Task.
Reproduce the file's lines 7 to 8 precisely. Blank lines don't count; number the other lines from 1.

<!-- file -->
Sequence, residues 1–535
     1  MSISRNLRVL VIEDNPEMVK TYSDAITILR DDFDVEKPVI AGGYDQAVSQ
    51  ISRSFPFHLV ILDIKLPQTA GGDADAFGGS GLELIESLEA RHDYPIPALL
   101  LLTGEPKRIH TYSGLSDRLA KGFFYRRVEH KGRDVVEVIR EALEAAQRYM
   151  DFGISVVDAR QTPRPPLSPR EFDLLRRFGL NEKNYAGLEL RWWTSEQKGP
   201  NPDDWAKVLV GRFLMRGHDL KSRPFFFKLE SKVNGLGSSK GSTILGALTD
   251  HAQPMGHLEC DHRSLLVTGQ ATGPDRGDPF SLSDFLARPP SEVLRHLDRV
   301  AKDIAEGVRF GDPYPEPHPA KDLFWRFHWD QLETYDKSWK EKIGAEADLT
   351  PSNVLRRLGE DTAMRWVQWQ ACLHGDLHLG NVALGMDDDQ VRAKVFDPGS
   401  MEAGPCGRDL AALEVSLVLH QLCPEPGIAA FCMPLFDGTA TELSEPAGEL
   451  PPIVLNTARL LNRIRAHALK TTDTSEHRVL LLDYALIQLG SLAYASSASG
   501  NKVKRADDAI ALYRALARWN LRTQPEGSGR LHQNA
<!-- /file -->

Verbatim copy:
   251  HAQPMGHLEC DHRSLLVTGQ ATGPDRGDPF SLSDFLARPP SEVLRHLDRV
   301  AKDIAEGVRF GDPYPEPHPA KDLFWRFHWD QLETYDKSWK EKIGAEADLT